After my vacation in the US which was fantastic in many ways, it’s time to get back to regular posting. Today I’m honored to present an interview I had with Salvatore from the Facebook page Nzignàmunni ‘u sicilianu, a site meant to teach and revitalize the Sicilian language and consider it as a language of its own, and not a mere Italian dialect. I’m really excited to feature a piece with him and of course, feel free to be in contact with his FB page to see if you can join his Sicilian classes through the Scola Siciliana.

Salvatore

Can you tell me a bit about yourself? What is your main occupation?

My name is Salvatore Matteo Baiamonte, I’m 20 years old and I was born in Palermo, Sicily, Italy, but I live in Northern Italy, in the area of Parma. I studied at the Liceo Linguistico Gabriele D’Annunzio in Fidenza, Italy (a liceo linguistico is a high school with a five-year course in which you focus on languages). At the moment, I study Modern Civilizations and Foreign Languages at the University of Parma, Italy (the languages I’m focusing on are English and German). So, I’m a student.

How did you become involved with languages? Did anyone motivate you?

Nobody did, to be quite honest. It’s something that has always been typical of me: in Italy public schools focus a lot on teaching grammar at a good level. When I was 7, I started studying English, and I remember I always liked it. I never found any difficulty in it. When I was 11, I started studying French, and I fell in love with that too. And when I was 14, I started studying German: one more language to love. When I was even younger, I started feeling interest in one of my two first languages: Sicilian, a language that is not recognized in Italy even though it was the first language in the area of Italy that developed a literature and is currently spoken by about 5-7 million people.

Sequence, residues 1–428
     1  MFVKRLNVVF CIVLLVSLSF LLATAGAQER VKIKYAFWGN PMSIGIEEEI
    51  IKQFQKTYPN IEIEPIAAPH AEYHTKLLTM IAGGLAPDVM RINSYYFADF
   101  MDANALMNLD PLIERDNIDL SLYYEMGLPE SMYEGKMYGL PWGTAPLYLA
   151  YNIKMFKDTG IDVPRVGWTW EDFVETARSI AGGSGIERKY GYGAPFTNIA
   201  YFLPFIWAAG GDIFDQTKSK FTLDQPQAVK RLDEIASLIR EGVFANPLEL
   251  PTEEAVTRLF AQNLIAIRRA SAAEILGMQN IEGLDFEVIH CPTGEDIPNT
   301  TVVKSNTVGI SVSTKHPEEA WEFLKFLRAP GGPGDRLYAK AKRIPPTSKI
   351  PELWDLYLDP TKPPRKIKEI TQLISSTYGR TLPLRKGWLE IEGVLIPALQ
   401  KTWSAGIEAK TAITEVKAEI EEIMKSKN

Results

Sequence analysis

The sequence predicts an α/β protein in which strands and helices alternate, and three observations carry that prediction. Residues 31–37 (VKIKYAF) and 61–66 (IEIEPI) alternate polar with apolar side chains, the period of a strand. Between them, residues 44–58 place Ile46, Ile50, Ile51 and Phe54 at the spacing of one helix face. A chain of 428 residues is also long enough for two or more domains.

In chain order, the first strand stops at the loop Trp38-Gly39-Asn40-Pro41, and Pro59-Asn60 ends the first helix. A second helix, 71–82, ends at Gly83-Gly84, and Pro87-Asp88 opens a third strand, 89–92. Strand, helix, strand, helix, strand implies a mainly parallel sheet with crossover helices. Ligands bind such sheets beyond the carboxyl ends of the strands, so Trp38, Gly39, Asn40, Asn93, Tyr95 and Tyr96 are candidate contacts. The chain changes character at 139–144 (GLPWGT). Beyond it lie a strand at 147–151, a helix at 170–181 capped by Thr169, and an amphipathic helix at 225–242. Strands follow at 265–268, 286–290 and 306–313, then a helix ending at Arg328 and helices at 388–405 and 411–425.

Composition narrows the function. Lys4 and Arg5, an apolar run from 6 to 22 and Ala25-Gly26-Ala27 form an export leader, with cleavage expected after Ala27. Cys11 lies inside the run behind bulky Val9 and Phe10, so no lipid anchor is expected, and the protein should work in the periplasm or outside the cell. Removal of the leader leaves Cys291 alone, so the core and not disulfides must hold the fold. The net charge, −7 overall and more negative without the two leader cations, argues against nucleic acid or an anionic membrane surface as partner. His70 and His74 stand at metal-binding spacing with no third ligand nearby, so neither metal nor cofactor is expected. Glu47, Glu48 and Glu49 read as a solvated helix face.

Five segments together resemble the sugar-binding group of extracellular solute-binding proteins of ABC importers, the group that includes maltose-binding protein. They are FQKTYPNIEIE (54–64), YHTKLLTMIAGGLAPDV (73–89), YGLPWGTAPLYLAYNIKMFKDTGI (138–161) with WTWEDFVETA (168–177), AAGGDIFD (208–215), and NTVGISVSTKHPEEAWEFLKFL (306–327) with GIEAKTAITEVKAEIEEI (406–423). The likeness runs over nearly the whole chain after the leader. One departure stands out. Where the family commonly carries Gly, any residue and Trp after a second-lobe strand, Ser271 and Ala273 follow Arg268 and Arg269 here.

Have your family, loved ones and friends been supportive with your language interests?

I wouldn’t say supportive, I’d prefer to say that they simply agreed with my choice. When it was time for me to choose the high school I thought that could be good for me, I changed my mind. In the beginning I had the intention to attempt a liceo artistico, but thinking back on that particular historical moment: it was the worst part of the economic crisis in which we’re still going through. I thought that if the situation would worsen, I could always drop the card of foreign languages and go abroad. My parents were surprised at the beginning, but it was basically OK for them.

How have your life experiences shaped your relationship with languages?

I have always liked being connected with other cultures. The real, free and total access to a foreign culture is allowed only to a few chosen people. I have always been thirsty for knowledge, so I have always seen in language the key to open the door that leads to the understanding of a different culture. Languages have become like real friends for me, friends who have wonderful secrets and can lead me into something new and enriching.